How to Paint with Your One Year Old & Several Creative Activities to Try

So I am very, very mess adverse. Yet I love art, and so does Anderson. It is a huge conundrum over here.  Thankfully, several years in the classroom have taught me a few tricks to get creative, while keeping the clean up to a minimum.

First, picking the right supplies matters. Our painting arsenal holds:

Next, pick your location strategically. Containing your kid to their highchair, and painter’s taping the paper to the table will help keep the mess contained to mostly wipeable surfaces. Taping the paper down ensures the art doesn’t get torn or tossed.

Taking the art outdoors is always a great way to not stress the mess. Simply hose everything off when you’re done.

One activity we love is to strip down and paint in the bathtub. I use painters tape to tape the cardstock to the bathroom wall. This takes the art vertical too, just like they’re painting on a real easel. I place the tray of paint and brushes on the floor of the tub and let Anderson explore the colours. It doesn’t matter if he gets it on himself, the tub, or the walls. I simply remove the art from the wall, and flip on the shower to wash him and the mess away.

If you have a kid who is still in the “puts everything in their mouth” stage, then you may need to get creative with how you paint. Placing cardstock (or a small canvas) in a large ziplock bag is a great way to get your kids painting.  Place drops of paint all over the paper before sealing (and I often tape the bag closed too) the bag up.  Tape to the table in front of your babe and let them finger paint away. Be careful as you pull it out or it will rip. I pull from the bottom up, which seems to work most effectively.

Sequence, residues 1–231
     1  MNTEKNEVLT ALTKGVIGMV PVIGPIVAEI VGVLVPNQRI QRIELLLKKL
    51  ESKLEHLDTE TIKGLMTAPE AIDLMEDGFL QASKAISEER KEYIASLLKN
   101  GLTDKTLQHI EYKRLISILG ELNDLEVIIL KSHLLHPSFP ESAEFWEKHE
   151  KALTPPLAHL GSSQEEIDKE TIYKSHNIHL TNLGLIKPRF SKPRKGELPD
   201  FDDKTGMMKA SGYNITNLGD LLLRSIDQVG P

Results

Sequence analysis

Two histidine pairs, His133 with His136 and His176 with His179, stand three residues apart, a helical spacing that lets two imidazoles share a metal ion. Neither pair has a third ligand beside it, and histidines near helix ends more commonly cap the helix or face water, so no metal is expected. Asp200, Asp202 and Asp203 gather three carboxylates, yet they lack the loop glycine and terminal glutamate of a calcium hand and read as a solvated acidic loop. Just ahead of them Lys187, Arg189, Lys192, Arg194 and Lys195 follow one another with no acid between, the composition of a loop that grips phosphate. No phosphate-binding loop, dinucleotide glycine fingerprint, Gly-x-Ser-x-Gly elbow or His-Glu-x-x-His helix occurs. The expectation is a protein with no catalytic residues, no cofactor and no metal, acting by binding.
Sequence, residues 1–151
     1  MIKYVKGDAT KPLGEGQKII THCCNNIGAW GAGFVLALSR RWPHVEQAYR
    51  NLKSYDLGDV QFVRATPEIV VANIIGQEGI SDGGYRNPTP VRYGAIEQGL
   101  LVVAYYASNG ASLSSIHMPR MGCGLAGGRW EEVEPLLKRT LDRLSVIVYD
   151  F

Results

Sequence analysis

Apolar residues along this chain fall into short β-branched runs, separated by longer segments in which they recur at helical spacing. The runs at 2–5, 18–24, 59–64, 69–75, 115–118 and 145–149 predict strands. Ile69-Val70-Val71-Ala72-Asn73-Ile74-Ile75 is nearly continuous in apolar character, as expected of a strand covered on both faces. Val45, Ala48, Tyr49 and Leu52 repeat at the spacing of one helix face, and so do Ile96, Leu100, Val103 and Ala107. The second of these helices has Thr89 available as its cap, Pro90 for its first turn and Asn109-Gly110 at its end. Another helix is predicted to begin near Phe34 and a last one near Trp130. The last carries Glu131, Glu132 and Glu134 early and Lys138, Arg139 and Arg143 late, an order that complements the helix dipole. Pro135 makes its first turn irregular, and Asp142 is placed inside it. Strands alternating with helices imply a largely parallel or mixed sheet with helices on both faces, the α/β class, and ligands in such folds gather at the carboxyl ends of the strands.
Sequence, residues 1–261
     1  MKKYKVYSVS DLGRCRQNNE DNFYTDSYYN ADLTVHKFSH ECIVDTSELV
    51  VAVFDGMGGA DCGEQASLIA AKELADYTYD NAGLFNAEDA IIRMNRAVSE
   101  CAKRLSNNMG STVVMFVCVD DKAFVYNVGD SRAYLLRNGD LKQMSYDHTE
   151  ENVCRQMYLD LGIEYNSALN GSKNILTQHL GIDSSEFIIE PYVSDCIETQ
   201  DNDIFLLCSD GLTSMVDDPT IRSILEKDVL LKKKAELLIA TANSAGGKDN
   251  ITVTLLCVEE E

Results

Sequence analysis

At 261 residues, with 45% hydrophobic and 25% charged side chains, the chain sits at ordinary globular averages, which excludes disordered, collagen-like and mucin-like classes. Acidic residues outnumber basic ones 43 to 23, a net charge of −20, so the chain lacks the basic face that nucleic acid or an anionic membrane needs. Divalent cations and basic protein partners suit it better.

Some other activities you could try is painting with interesting objects! Skip the paint brushes and opt for some other painting utensils that are toddler sized. We loved painting with small, clear water cups.  We dipped them in paint and stamped them onto the page.

You could also use the leafy end on a broccolini or celery to create a masterpiece. How about grabbing some kitchen utensils like your pot scrubbing brush or your basting brush?  Or a kitchen sponge cut into different shapes makes for a fun sponge painting activity.

I often let the art dry and then cut them into shapes, like a heart or simple rectangle, to glue to cardstock to make cards for loved ones. Anderson has fun, and I save $5 on a store-bought card. Win-Win.


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